However, finding twenty people to invest thousands in a business is, at best, extremely difficult…and given that you make money from their sales, you have twenty people in the same geographical area trying to sell the same products to the same people.

Plus, and this is the most important part, when you're first recruited, who's to say you're not starting out as the twentieth person?

However, the most enlightening thing I ever read about so-called gullibility was a story written by a young nurse who fell for the classic Nigerian 419 scam…or advance fee fraud.

The way this scam works is you're contacted by someone claiming to need help transferring money out of Nigeria or Iraq or some other far flung country. You're offered a cut of millions of dollars and all you need to do is set up a bank account to have the cash transferred to. Then you discover there are certain unforeseen bank fees or insurance fees you're required to pay. Of course, the money doesn't actually exist and the scammers will continue bleeding you for as long as they can.

Now, it's hard to believe that anyone could fall for the 419 scam, but the people who do aren't necessarily stupid. Think of the number of times people have downloaded a virus by clicking the flashing link that says they've won a new iPod. The simple truth is that it's only obvious when you already know about the scam. Some old grandma who has just got her first computer so she can email her family may just receive an email from a 419 scammer and take it at face value. Why wouldn't she?

Well, that's what happened to this young nurse. She wasn't computer or internet savvy and received an email from a scammer who claimed he'd fled persecution in Iraq with his family's life savings. He just needed someone in the USA to transfer the money to…and if she helped him transfer the cash and get to the USA, he'd pay her two million dollars.

Of course, shortly after she agreed she received a panicked phonecall saying the bank where he'd stored the money wouldn't transfer the money until they'd received a couple hundred dollars for 'tax fees'. All his money was tied up in the bank, so would she be willing to pay the fees for him? After all, she was going to get two million as soon as it was released.

Notice the tactic here. It's a small amount of cash that's going to result in a massive pay off. Of course, as soon as she sent the money, she was told everything was fine and she could expect her cash in a couple of days…until suddenly there were more unforeseen costs.

Now this is the part people don't understand. Why would anyone who's been bilked out of thousands of dollars keep sending more cash?

Well, the answer is they don't realize they're being cheated. Plus, they think they're in a position where they can't afford to give up. As the nurse said:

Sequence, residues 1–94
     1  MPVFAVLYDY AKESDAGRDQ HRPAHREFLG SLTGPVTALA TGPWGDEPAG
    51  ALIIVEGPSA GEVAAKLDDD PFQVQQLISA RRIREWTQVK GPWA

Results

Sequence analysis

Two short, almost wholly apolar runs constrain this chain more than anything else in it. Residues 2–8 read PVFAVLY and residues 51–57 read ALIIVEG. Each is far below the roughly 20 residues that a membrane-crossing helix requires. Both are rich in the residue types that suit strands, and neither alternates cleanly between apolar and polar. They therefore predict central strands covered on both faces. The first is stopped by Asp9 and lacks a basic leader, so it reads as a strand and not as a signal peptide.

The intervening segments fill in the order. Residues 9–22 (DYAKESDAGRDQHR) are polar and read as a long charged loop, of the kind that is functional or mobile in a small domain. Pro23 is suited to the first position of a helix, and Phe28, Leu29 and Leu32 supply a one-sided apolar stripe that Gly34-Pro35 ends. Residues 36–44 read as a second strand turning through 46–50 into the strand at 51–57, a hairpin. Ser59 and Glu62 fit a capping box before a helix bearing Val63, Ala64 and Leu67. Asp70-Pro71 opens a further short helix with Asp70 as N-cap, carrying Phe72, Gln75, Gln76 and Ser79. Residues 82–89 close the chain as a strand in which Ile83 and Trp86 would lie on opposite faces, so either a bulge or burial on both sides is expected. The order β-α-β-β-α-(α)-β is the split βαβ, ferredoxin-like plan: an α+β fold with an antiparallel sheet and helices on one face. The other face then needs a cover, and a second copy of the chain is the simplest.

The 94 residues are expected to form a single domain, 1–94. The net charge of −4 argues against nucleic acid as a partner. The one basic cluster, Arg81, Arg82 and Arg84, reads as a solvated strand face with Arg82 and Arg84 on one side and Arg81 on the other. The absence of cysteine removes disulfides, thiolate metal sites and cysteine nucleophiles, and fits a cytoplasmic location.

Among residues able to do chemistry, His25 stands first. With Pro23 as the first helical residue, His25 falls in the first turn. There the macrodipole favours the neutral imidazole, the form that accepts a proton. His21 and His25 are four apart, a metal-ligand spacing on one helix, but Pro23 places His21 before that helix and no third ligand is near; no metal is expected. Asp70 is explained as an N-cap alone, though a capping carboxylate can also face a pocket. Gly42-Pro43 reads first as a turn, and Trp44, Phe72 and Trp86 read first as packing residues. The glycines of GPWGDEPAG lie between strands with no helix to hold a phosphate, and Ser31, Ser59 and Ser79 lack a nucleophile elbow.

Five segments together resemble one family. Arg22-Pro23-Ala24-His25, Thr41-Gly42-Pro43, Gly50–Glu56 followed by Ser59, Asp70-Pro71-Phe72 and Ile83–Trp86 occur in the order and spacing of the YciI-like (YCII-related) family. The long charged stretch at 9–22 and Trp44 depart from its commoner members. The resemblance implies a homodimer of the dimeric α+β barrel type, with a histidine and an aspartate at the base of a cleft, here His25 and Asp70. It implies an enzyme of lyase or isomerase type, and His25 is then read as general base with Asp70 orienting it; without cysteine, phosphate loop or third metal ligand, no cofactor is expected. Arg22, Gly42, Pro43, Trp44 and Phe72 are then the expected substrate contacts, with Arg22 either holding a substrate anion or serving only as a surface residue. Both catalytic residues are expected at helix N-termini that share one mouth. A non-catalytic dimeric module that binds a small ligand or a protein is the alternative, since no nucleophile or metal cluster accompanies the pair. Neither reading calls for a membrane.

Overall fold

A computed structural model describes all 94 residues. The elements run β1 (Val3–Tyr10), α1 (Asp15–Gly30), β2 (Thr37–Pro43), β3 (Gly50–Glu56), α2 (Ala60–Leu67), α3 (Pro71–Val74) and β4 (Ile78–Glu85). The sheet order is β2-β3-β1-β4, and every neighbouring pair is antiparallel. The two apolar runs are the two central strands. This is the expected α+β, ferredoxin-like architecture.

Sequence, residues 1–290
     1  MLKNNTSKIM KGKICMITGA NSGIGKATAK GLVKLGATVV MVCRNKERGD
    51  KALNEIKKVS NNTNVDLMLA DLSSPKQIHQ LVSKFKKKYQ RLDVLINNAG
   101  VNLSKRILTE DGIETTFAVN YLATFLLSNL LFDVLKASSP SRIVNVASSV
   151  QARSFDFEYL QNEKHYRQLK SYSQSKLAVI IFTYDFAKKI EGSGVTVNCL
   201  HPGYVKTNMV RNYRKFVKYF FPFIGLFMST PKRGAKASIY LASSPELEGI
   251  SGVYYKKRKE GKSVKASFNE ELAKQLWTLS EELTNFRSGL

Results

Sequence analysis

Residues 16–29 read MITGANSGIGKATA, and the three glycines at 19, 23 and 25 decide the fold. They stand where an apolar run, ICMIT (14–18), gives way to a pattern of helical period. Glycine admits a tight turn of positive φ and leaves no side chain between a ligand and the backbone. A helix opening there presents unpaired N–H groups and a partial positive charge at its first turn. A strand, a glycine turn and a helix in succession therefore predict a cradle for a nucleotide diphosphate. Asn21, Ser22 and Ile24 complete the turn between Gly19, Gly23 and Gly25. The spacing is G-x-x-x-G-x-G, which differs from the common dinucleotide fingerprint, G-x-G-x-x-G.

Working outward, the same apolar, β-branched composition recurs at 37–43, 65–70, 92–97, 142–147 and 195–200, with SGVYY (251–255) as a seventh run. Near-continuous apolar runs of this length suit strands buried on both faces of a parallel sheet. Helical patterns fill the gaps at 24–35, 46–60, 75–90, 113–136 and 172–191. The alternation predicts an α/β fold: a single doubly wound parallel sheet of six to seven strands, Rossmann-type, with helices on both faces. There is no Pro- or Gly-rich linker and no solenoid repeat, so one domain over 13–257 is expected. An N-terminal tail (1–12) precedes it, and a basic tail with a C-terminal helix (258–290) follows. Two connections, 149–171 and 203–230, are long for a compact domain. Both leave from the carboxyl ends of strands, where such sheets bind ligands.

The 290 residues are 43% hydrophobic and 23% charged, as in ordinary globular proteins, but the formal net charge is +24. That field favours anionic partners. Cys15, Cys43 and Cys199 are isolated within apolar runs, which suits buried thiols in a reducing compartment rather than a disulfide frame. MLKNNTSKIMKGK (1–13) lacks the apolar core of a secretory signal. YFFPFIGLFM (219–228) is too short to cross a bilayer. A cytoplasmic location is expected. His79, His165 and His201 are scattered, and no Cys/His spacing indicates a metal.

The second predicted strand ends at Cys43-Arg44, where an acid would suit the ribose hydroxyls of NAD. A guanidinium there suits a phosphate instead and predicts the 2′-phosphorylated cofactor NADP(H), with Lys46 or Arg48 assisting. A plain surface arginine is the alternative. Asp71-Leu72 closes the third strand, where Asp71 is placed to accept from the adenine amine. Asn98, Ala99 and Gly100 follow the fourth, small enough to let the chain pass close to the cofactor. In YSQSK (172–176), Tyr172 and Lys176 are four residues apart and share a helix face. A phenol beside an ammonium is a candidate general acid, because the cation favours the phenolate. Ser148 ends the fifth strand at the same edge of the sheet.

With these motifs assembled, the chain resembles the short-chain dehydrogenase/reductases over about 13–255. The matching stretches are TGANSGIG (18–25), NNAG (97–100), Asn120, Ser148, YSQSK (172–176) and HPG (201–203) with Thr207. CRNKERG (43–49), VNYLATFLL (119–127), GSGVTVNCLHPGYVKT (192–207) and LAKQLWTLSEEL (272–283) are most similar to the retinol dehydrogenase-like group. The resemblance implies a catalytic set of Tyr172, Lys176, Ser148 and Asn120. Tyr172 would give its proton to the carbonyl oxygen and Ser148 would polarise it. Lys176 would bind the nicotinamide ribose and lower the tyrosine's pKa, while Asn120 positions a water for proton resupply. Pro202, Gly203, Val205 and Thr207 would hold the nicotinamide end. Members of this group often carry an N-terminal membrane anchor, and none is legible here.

"I'd sent all my savings, loaned money from the bank and even borrowed from friends and family. Each time is was just one more payment and everything would be fine. When I'd already sent around $15,000 I couldn't afford, was I going to give up when I was just $500 more away from getting my two million and wiping out all my debts?"

The scammers know this. In fact, towards the end game, they use it to ensure you'll keep paying. In the case of the nurse, they told her everything was fine
and gave her a username and password to a fake bank webpage where the money would be transferred. After checking it every day for a week, suddenly there it was, a deposit of just over fifteen million dollars, two of which were hers.

"I danced around the room, everything had worked out. I could pay back everything I'd borrowed. I called the scammer on the phone and we celebrated. We spent an hour talking about how we were going to get him a Visa to move to the US."

Of course, a day later, she went to the bank's website to discover a hold had been put on the cash. Supposedly some taxes hadn't been paid on the transfer and the account was frozen until someone paid another $5000 to cover it. Being so close, the scammer informed her he'd sold off all his possessions but had only managed to raise $2000, so if she could pay the other $3000, they were set.

That's the other big thing people miss. These scammers don't just use email. They're call you on the phone and develop a rapport with you. At that point, it's not just sending money, if she'd given up, she'd be totally screwing over her now homeless 'friend' who just sold everything he had to transfer the cash... and just $3000 on top of the $10,000-$20,000 she'd already sent would fix all their problems.

In fact, in some cases, the scammer will arrange for you to visit Nigeria or wherever (at your own expense, of course) where you'll be taken to a bank or 'security company' where you'll either talk to a 'bank manager' who will assure you the money is ready to go…or even be shown a great big box of money (counterfeit with a few real notes on top) or gold (spray-painted lead).

People who fall for confidence tricks aren't stupid, they're just fed a story and in the beginning are asked for a small investment for a massive payoff. People do that every week on the lottery because the small investment is worth the risk. Then they're led deeper and deeper into debt until they literally can't afford not to keep paying.

Basically, it's like gambling. When you've lost everything, you can walk away and definitely lose everything, or you can risk one more roll of the dice which could possibly fix everything.